According to the Global E-waste Monitor 2017, a report jointly produced by the International Telecommunication Union, the United Nations University and International Solid Waste Association, 44.7 million metric tons of e-waste which were an equivalent of almost 4,500 Effiel Towers were generated around the world in 2016. It is expected that the amount could rise beyond that to 52.2 million metric tons by 2021. As estimated by the Environmental Protection Agency, the rate of growth of waste is two or times faster than other waste streams in the US.
With the expansion of markets into the developing countries, there is an increase in the number of people adapting and discarding the newest technology. Likewise, product replacement cycles are getting shorter. It has resulted in more problems as the quantity of e-waste generated keeps increasing.
Regulators are making efforts to reduce the generation of e-waste. It is, therefore, necessary for manufacturers, retailers, and end-users to have a better understanding of the effect of e-waste on their businesses as well as what should be done to prevent consequences that could be costly.
The significant risks of e-waste are health, environmental and safety risks. An example is a typical desktop computer which contains 57 grams of lead, 0.01 grams of arsenic, 2.5 grams of barium, 0.8 grams of antimony as well as the small quantity of other toxic metals. Cathode-ray tube (CRT) that are mostly used in older glass video displays have four pounds of lead. All these types of substances found in e-waste are poisonous and carcinogenic and can equally accumulate in the water, soil, and food.
Companies that do not properly dispose of these products that bring about harm will face the appropriate legal and regulatory penalties. A company named AT&T faced such legal penalties in2014 when it illegally dumped waste and fined over $50 million by the authorities in California. The company paid $23.8 million in civil penalties which included $3 million that was channeled towards enforcement actions in the future while they also have to pay another $28 million spread over five years to make process changes to guide against violations in the future. Also, another company Target paid $22.5 million in 2011 as fines for illegal dumping of electronics collected from California stores.
Likewise, a recycling firm Executive Recycling was fined $4.5 million by the Colorado authorities with two of the company’s executives sentenced to federal prison time for sending electronic wastes to foreign countries such as China illegally, despite telling their customers the electronic waste would be disposed of in a way that would not cause harm to the environment.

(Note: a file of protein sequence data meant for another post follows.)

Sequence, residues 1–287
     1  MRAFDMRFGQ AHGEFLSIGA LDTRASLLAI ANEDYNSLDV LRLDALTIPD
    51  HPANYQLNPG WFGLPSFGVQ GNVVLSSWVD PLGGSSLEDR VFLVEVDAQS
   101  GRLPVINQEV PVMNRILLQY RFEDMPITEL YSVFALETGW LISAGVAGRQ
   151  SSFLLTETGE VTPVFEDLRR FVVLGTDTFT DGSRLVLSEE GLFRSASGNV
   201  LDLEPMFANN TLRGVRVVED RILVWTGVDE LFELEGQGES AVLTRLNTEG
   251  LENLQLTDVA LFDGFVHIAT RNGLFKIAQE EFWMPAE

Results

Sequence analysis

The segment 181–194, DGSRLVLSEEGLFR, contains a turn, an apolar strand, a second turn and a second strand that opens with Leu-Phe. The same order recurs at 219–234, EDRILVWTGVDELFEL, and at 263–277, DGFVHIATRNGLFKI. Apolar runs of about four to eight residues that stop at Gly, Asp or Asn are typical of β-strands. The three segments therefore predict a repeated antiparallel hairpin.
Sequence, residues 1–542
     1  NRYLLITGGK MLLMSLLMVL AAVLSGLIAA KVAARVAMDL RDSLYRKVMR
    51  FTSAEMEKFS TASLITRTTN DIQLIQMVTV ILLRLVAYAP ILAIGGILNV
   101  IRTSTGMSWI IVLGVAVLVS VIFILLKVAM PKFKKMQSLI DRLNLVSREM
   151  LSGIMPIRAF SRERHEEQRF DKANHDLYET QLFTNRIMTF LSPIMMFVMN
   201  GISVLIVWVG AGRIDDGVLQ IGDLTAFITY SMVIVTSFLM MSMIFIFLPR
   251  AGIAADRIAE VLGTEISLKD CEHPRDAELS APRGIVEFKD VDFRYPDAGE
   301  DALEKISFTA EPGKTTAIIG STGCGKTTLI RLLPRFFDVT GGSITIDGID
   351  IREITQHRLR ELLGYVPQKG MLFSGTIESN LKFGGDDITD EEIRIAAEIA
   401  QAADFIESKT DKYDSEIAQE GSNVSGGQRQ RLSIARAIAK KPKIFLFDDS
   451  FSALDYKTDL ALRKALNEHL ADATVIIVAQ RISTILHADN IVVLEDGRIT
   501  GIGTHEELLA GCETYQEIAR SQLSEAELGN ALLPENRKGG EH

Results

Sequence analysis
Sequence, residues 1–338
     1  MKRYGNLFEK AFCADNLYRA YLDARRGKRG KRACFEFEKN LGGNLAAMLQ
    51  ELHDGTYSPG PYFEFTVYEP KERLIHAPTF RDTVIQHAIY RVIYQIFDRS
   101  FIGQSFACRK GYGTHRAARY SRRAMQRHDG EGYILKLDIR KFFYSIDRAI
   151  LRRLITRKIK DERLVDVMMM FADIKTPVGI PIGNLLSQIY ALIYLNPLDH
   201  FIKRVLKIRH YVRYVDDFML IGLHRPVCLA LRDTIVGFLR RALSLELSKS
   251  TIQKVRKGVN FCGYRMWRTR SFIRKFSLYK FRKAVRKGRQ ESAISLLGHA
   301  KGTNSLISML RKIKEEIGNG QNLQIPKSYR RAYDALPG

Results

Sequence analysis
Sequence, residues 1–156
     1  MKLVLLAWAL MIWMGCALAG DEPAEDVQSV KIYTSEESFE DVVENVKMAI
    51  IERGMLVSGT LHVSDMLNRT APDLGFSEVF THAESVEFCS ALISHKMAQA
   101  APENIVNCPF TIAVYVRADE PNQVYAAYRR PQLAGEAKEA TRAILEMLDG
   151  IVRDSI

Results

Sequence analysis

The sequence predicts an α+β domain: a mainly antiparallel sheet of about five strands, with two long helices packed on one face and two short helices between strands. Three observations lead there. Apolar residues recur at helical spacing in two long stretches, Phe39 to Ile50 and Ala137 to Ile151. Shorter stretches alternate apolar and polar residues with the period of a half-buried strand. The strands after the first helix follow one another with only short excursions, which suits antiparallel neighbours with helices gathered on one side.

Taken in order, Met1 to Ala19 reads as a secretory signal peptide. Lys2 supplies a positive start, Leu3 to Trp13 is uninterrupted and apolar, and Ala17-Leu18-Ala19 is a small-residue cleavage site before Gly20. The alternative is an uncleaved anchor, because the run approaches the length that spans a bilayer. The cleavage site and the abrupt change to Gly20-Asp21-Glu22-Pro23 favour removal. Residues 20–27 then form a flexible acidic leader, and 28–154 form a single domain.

There are various regulations worldwide governing the disposal of e-waste, but Basel Convention on Control of Transboundary Movements of Hazardous Wastes and Their Disposal is the primary international regulation. It is a multilateral treaty which aims at reducing waste trading patterns that are socially and environmentally hazardous. 186 countries signed the convention, though the penalties vary per country because the agreement has to be transposed into law by nations that signed it. Penalties range from a maximum fine of €760,000 ($940,000) in the Netherlands to as high as 18 million pesos ($10 million) in Columbia.
Depending on how severe the offense is, penalties in the UK ranges from as low as fee hundreds to as high as thousands of pounds. The Basel Convention is yet to be ratified in the US though they are one of the signatory countries, which means the treaty is not applicable in the country.
It is also necessary for multinational companies to consider both regional and national laws. The e-waste management in the European Union is regulated by a uniform body WEEE Directive (2012/19/EU). The directive centers around how to collect, recycle recover e-waste which leads to increase in quantity of e-waste being processed. The directive is based on the principle of extended responsibility of the which requires that the producers should organize and finance the collection, treatment, and recycling of their products at the end of life. Despite having the directive, EU countries are finding it difficult to adhere to the directive.
The EU countries have only managed to collect 45% of the e-waste generated since 2016, which could increase to 65% by 2019. Official reports, however, have it that the level of the e-waste generated has remained at 37% in the last decade. In the UK, refusal to comply with the directive can result in multiple fines and jail sentences. An example is when Churngold Recycling Lyd and two of its executive directors were fined £32,450 and suspended sentences in the UK last October after they were found guilty of disposing of thousands of tons of e-waste illegally.
Even though the US had no national law on e-waste, the District of Columbia and 25 other states have specific producer responsibility and disposal laws for technology products. However, it is only a minimal part of this law that covers electronics that are large.
According to the National Center for Electronics Recycling, Jason Linnel, most company policies are as a result of the policies put in place in different states. Manufacturers of covered devices such as consumer electronics except for other appliances and white goods in most of the states must fulfill their e-waste obligations by setting up and paying so that so forms of recycling can take place in the state. Companies must what is necessary to comply with the laws.